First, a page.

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For those with disordered avoidance, a common theme is the inability to do something which is beneficial and, perhaps more importantly, even pleasurable.

For those that study motivation, intrinsic or otherwise...

In the situation where one chooses to do nothing or something else --not because it is preferable or more enjoyable but simply because they are unable to psychologically tolerate the object of their own desire....

Question: what does it mean to "want to" if one is unable to force oneself to do? And, what areas of the brain are competing in such a struggle with the self?

(Differentiate this from procrastination in which there is a preference for one active over another in the short term)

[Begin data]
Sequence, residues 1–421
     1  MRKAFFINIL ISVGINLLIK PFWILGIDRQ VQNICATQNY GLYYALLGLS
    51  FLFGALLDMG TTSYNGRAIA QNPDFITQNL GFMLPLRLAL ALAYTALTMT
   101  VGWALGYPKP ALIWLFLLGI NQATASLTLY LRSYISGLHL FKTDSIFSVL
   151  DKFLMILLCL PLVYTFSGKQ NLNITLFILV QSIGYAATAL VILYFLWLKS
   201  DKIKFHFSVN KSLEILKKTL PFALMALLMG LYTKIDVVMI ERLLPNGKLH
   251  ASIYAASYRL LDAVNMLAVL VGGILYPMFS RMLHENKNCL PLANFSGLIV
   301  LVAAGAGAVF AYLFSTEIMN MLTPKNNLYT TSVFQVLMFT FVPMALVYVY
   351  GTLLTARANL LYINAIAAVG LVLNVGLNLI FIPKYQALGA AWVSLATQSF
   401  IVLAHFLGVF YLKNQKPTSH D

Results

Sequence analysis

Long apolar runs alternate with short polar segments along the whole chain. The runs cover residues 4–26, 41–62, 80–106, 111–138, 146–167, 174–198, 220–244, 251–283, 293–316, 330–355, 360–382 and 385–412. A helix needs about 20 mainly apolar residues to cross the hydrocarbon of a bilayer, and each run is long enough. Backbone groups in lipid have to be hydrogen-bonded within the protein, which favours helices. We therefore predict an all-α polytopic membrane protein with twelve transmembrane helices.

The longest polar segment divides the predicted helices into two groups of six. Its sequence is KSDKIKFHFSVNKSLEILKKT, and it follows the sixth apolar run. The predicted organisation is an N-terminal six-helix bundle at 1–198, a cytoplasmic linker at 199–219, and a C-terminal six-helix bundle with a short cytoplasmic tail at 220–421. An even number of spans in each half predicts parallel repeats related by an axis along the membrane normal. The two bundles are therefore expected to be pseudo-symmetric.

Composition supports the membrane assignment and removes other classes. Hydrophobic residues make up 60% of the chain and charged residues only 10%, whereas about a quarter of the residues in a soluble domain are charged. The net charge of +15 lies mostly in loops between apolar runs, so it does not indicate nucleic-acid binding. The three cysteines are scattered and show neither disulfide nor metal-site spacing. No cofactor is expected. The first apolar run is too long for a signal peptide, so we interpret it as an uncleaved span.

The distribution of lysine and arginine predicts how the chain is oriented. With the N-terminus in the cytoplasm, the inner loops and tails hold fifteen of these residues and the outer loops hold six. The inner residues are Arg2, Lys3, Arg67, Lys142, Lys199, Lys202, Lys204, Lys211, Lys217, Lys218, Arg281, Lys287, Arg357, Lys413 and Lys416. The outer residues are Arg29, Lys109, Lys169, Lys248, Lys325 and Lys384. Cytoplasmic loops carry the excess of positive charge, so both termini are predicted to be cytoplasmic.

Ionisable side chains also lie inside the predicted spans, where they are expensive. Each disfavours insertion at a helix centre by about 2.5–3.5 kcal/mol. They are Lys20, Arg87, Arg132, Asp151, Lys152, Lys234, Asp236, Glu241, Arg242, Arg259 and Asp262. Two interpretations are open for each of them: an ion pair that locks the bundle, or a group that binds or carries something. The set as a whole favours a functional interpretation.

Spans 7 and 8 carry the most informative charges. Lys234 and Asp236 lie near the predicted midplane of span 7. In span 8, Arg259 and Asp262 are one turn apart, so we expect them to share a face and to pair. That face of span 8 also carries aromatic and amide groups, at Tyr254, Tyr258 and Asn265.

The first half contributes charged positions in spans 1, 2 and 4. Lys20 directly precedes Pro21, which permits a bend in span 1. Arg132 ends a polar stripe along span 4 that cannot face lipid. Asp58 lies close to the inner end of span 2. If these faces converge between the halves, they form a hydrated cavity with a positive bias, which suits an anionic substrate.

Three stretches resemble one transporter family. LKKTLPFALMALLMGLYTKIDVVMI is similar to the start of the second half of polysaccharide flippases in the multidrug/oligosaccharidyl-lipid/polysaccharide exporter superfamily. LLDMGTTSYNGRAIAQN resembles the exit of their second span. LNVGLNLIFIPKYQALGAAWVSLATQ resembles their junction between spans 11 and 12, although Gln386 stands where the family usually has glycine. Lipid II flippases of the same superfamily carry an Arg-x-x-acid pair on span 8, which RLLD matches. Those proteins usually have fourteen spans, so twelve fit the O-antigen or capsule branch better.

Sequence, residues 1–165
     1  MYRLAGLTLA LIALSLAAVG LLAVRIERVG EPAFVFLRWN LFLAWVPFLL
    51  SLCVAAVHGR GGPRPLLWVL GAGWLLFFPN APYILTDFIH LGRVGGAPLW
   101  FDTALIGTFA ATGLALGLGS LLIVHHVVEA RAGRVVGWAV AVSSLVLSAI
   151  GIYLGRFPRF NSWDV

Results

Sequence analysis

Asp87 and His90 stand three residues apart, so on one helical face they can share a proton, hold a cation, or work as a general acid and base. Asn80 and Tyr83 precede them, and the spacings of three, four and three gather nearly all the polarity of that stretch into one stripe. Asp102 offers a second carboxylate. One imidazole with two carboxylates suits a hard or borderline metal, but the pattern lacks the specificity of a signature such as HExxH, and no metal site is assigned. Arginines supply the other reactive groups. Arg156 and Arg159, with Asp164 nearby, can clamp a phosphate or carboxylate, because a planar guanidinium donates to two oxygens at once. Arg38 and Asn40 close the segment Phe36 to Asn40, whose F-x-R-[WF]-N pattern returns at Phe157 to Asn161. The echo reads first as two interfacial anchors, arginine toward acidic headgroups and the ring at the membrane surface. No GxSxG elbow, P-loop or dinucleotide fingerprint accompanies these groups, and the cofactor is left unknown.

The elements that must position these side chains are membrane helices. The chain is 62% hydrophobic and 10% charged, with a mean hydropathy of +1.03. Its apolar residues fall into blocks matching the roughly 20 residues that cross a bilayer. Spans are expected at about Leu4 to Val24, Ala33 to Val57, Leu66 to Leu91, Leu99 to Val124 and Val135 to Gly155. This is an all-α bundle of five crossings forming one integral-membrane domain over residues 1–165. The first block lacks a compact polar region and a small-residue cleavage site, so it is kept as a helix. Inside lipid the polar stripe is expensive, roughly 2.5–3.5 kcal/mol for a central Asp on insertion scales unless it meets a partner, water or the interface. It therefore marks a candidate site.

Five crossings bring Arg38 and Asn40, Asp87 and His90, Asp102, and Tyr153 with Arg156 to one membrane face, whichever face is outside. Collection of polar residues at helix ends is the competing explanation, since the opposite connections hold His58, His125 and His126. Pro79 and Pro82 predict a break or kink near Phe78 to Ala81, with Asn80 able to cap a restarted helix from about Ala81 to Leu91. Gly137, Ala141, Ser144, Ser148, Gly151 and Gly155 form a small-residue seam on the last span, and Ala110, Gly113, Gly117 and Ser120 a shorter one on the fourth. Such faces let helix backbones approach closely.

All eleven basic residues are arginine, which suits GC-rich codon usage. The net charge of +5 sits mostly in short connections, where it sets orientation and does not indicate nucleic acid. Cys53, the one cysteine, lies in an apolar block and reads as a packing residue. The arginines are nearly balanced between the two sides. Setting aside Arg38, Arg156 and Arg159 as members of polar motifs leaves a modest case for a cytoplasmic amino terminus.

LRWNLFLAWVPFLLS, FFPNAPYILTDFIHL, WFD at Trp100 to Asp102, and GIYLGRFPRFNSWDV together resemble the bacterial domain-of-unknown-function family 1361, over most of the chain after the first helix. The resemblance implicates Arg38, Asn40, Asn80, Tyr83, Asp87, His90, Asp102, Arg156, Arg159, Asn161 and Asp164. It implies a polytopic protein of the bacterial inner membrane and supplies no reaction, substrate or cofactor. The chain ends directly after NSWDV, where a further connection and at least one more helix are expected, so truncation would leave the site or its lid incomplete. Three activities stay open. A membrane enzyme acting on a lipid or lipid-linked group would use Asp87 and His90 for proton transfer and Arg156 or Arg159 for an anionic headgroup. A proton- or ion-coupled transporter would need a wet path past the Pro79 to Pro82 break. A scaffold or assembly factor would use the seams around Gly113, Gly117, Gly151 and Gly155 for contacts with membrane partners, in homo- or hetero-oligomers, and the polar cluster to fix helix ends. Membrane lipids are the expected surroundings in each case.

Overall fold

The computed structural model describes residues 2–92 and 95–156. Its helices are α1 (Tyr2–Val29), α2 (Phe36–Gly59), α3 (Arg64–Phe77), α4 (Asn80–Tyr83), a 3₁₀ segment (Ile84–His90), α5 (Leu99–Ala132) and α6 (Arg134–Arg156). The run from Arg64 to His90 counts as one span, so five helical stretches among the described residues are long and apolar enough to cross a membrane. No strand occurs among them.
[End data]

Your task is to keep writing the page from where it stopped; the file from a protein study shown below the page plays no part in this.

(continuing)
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  • $\begingroup$ Do you mean Avoidant Personality Disorder? $\endgroup$ – AliceD Sep 16 '19 at 13:55
  • $\begingroup$ @AliceD Nope, not a diagnostic but a differentiation between self-desire and self-efficacy from the perspective of personal agency. But more importantly, I'm curious about the brain regions responsible for the intrinsic motivation in a genuine "want to" and the "no-go" inability of "unable to force". $\endgroup$ – Bradford Sep 26 '19 at 19:33

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